Thinking Out Loud – Hybrid or Ambiguous?

I recently heard a person use the word “hybrid” to describe music used for a film that could work for multiple scenarios/emotions. That a piece of music that was originally locked in place for a sad scene could also be used for a triumphant moment as well.

When I think of the word “hybrid,” I think “the best of both words” of combining two or more things together to create something better. However, is this music really more of a “hybrid” or an ambiguous score? Also, is there any skill of making one more than the other?

And this question goes beyond scores – it applies to writing any kind of music. From fusing genres together, you are teetering on the fine line between creating a hybrid or something ambiguous.

My question is on if there is a risk of making this “hybrid” or ambiguous music. Is there artistry is writing a piece of music that could serve on multiple levels (be it for use, emotion, genre, etc.), or does it spread the art too thin?

Personally, I think there is some kind of achievement in your music could live in multiple worlds. But if something is made ambiguous without intention, then that’s on the fault of the composer. What’s your take?

Just thinking out loud.

Author: Bryan M. Waring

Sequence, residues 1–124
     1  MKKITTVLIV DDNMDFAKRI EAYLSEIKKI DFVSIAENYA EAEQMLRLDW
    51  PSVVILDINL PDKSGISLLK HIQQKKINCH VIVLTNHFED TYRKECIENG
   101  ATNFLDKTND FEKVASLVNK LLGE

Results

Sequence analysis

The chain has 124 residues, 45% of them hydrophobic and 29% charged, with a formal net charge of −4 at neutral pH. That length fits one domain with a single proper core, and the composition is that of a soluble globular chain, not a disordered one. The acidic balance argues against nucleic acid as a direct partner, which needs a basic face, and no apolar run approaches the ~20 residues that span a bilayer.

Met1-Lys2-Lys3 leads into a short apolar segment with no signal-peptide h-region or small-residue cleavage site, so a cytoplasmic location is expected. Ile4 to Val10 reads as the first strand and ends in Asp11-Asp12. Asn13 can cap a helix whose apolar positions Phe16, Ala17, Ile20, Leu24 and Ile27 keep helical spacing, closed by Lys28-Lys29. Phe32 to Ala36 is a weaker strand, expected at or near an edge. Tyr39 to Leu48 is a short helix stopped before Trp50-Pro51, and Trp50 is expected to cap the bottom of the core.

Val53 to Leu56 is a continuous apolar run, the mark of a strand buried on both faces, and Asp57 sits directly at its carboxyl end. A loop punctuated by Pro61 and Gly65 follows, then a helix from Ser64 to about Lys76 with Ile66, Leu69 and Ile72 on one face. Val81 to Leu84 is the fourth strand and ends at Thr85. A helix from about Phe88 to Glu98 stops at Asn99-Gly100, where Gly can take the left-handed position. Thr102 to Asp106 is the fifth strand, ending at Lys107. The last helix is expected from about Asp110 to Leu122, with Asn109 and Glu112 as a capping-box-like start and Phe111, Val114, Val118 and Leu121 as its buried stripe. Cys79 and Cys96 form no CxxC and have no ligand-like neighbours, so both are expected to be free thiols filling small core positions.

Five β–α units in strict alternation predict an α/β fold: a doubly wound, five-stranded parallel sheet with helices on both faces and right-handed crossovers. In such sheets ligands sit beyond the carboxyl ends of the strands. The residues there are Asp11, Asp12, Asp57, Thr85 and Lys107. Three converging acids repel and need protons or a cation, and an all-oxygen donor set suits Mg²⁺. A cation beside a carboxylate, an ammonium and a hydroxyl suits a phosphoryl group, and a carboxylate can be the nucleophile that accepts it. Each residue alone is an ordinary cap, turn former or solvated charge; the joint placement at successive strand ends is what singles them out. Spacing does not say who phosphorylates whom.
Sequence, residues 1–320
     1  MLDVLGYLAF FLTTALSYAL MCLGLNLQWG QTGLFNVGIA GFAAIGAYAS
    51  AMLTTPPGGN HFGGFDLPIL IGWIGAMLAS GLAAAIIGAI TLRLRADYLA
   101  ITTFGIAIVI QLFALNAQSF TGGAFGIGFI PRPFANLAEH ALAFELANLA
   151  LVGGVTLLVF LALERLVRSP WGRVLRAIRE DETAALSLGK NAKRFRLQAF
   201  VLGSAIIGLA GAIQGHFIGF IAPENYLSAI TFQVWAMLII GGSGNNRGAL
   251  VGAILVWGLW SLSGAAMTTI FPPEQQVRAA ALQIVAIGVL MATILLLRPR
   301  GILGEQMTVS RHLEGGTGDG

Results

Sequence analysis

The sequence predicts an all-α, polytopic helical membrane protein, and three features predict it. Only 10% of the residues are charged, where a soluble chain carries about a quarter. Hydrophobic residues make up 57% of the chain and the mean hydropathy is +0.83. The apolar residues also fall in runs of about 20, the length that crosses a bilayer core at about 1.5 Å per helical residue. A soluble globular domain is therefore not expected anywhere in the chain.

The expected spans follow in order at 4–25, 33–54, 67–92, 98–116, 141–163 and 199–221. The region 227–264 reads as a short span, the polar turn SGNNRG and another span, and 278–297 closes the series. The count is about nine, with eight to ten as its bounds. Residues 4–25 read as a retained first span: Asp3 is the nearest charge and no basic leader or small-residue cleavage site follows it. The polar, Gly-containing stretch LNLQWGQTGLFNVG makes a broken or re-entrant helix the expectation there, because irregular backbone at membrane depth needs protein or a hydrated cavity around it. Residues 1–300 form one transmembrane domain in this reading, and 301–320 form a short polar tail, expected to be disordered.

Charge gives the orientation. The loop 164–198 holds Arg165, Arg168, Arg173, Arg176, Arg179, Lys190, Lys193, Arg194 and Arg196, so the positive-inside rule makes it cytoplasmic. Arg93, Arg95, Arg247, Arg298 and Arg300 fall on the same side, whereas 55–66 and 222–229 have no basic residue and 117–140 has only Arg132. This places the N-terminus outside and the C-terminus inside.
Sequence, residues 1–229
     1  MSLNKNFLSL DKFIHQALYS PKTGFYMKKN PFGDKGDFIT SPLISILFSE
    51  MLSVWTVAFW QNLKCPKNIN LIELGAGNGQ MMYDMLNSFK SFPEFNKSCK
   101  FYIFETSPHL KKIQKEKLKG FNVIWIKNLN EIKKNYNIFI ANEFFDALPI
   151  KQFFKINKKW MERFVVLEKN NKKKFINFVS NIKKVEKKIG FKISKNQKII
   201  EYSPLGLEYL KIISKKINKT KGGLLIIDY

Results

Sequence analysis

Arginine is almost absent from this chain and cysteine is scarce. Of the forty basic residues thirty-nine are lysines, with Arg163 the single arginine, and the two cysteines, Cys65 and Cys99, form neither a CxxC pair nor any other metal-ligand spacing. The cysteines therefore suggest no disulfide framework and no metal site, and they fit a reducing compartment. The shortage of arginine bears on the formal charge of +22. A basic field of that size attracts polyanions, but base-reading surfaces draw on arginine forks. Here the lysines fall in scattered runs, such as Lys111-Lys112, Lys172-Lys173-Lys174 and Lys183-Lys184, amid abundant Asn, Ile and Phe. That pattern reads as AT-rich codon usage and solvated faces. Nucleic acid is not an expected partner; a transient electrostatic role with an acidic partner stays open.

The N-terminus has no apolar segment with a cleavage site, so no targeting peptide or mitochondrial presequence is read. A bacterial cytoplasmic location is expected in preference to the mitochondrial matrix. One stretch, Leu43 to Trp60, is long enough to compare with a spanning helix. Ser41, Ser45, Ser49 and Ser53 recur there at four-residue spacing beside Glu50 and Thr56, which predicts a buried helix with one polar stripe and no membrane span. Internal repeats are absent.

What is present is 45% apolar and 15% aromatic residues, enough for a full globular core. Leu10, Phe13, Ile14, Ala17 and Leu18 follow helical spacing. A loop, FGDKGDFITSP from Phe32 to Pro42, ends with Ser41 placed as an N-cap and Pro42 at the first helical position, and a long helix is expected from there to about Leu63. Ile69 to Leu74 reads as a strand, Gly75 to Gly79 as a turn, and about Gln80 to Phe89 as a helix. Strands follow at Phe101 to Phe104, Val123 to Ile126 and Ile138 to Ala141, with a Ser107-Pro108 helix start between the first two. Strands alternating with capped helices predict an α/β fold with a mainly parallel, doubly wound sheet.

Bryan Waring is a graduate of USM's School of Music with a B.M. in Performance – Composition and is now attending Belmont University for a M.M. in Commercial Media – Composition & Arranging. During his time at USM, he studied violin with Dino Liva and composition with Dr. Daniel Sonenberg, as well as has premiered several pieces during the semiannual Composer's Ensemble concert series. In 2017, Bryan was a writer for the original musical theater work of "Molded By The Flow," directed by Paul Dresher and Rinde Eckert. Outside of school, Bryan has been involved with writing music for videogame developers at Portland's CI2 Lab, collaborating with the King Tide Party, and studying with Larry Groupé (Straw Dogs) in San Diego. Now living in Nashville. Along with composing, Bryan teaches music to children, receiving the Master Teacher Award for his work at ESF Camps; and does audio engineering for live ensembles. Besides talents in music, Bryan is a team-player in any competitive work environment; equipped with skills in leadership, organization, mathematics, creativity, communication, and managing. On the side, Bryan has worked as a model for several skilled artists in the New England area. Among his other accomplishments include obtaining the rank of Eagle Scout in April 2013 with a project of building a side parking area with guide rails for Webb Mountain Park in Monroe, CT.

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